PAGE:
MUMBAI • Novak Djokovic's domination of tennis this year is not as inevitable as it might appear, former British No. 1 Tim Henman believes, even if the other members of the "Big Four" will have to raise their game and hope the Serb falters.
He won three of the four Grand Slams last year and has a 12-0 record this season, having thrashed Rafael Nadal, Roger Federer and Andy Murray to win the Doha and Australian Open titles.
So impressive was the 28-year-old at Melbourne Park that many pundits believe a first calendar-year Grand Slam in the men's game since Rod Laver in 1969 is on the cards.
Henman, while conceding that there is now a gap between Djokovic and the other top players, does not think it has become a gulf.
"They can definitely challenge. Murray is at the highest ranking in his career, he's No. 2 in the world. He's playing great tennis," the 41-year-old said. "Roger was in the final of the US Open and Wimbledon last year. Djokovic stopped him in his quest to win more Slams. They are still very, very close."
Henman thinks Federer, who won the last of his 17 Major titles in 2012, and Murray look most likely to prevent a Djokovic Grand Slam sweep this year, as Stan Wawrinka did at the French Open last year.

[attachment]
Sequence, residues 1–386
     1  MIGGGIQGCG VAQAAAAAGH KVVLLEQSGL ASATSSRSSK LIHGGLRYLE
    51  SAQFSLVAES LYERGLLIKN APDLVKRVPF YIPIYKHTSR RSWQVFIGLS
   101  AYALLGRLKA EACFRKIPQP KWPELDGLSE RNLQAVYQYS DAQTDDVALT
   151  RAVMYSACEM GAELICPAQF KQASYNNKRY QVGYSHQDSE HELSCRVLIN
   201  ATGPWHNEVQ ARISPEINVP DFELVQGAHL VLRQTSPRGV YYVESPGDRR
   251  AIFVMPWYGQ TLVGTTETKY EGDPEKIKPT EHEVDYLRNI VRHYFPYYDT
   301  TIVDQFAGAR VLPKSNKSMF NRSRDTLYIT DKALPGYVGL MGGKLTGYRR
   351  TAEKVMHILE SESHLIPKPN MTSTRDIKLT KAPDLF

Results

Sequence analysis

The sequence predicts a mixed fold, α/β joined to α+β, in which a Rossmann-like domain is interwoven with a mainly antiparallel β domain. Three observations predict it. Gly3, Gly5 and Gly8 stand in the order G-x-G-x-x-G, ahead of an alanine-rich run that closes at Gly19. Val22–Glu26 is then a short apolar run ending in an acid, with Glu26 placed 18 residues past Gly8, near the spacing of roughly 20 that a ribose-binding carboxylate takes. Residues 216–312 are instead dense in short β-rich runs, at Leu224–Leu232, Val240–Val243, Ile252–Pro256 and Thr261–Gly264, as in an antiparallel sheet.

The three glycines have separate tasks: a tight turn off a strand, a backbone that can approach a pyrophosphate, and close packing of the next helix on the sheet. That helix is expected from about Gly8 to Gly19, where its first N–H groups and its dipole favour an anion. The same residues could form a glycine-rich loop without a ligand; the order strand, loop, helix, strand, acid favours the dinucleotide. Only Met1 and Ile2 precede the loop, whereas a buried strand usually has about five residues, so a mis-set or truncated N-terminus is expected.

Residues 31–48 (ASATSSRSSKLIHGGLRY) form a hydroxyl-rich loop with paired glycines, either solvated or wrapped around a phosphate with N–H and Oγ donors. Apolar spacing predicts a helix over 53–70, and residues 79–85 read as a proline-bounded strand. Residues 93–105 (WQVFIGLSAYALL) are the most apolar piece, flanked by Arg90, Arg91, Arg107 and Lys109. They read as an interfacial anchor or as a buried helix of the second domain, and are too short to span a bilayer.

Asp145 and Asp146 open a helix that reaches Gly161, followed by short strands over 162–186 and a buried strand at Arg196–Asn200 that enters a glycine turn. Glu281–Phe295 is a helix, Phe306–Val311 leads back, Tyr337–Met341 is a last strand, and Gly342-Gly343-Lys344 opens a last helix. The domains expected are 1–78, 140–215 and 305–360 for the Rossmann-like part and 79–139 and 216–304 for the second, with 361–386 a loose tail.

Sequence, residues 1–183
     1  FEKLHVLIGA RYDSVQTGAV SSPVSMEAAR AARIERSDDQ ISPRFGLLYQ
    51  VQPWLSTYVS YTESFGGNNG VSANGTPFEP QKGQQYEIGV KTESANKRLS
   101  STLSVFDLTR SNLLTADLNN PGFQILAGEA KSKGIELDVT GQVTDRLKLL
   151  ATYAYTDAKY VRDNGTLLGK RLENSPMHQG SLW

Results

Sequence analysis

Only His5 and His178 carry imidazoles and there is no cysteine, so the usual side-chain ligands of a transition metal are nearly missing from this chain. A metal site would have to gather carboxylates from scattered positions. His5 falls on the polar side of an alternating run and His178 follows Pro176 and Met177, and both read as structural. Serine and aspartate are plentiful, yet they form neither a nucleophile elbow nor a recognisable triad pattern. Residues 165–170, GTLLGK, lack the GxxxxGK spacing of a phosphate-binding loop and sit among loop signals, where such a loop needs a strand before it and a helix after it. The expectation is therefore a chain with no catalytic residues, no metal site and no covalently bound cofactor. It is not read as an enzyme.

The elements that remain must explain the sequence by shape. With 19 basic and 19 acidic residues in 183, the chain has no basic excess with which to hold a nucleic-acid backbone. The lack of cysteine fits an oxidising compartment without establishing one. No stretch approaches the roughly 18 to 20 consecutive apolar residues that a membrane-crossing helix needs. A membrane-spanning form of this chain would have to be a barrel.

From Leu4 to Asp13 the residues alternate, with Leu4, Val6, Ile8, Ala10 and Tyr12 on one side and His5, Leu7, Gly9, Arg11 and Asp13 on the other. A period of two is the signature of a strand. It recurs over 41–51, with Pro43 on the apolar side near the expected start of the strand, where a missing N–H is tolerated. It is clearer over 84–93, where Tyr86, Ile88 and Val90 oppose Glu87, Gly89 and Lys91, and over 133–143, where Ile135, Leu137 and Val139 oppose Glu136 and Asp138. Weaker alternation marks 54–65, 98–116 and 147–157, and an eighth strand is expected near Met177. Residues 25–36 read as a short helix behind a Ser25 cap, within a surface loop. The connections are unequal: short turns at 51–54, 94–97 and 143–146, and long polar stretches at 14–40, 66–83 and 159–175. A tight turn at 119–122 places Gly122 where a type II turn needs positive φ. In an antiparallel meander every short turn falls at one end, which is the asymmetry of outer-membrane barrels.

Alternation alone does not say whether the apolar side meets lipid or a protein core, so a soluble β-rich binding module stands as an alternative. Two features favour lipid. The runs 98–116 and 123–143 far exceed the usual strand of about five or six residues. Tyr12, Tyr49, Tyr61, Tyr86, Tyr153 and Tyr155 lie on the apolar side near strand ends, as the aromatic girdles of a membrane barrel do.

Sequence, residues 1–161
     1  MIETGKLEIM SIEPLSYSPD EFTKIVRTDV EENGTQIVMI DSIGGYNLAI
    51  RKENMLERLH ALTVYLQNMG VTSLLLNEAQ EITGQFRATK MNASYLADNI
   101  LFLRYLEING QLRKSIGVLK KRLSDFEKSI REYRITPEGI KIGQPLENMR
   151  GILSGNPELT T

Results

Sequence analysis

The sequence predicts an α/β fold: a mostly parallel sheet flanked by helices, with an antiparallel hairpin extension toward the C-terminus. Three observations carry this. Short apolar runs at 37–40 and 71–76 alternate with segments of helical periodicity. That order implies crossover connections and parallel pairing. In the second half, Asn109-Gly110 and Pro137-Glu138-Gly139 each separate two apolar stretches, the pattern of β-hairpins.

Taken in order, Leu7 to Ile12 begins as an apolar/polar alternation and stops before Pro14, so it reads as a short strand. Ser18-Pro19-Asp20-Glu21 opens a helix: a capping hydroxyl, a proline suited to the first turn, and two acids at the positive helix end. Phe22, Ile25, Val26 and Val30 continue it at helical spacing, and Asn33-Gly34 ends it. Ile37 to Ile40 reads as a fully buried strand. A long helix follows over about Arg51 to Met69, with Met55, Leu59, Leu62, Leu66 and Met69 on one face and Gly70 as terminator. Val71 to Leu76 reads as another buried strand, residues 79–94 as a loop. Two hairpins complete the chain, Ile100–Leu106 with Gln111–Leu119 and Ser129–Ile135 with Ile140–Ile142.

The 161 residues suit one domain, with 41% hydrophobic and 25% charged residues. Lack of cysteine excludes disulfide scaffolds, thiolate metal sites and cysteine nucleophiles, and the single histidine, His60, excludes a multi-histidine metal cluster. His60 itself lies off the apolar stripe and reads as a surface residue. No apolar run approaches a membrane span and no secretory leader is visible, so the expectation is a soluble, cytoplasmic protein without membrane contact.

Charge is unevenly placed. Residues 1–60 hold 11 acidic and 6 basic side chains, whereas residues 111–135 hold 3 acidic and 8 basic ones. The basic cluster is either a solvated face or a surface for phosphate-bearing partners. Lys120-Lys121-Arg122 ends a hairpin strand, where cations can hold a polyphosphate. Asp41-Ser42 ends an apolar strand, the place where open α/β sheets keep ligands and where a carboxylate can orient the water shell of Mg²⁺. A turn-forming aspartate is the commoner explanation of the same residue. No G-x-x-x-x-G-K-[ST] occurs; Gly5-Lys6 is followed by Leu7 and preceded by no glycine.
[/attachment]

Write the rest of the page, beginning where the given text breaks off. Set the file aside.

Nadal, who was knocked out in Melbourne in the first round, may not be the same player who won nine French Open titles but can still pose a serious threat on the clay courts at Roland Garros.
"The challenge for all those other players is to try and raise their levels and probably hope that Djokovic doesn't play quite as consistently," said the former world No. 4.
Tennis is reeling from revelations in a report by the BBC and BuzzFeed last month that 16 players who have been ranked in the top 50 had been repeatedly flagged to the Tennis Integrity Unit over concerns that they had thrown matches.
Henman, who was in Mumbai as the brand ambassador of the HSBC Road to Wimbledon programme, a joint initiative by the All England Lawn Tennis Club and India's tennis association, said his first reaction to the allegations was one of "surprise" and called for more proof and not just speculation.
"If there has been any match-fixing, then we need to make sure that it's erased from our sport because it's a crime in sports," he said. "It's also important to educate the young players so they appreciate this is something very, very serious if it has happened and make sure it never happens again.
"We have a Tennis Integrity Unit and if they need to invest more money in that, then we must do that."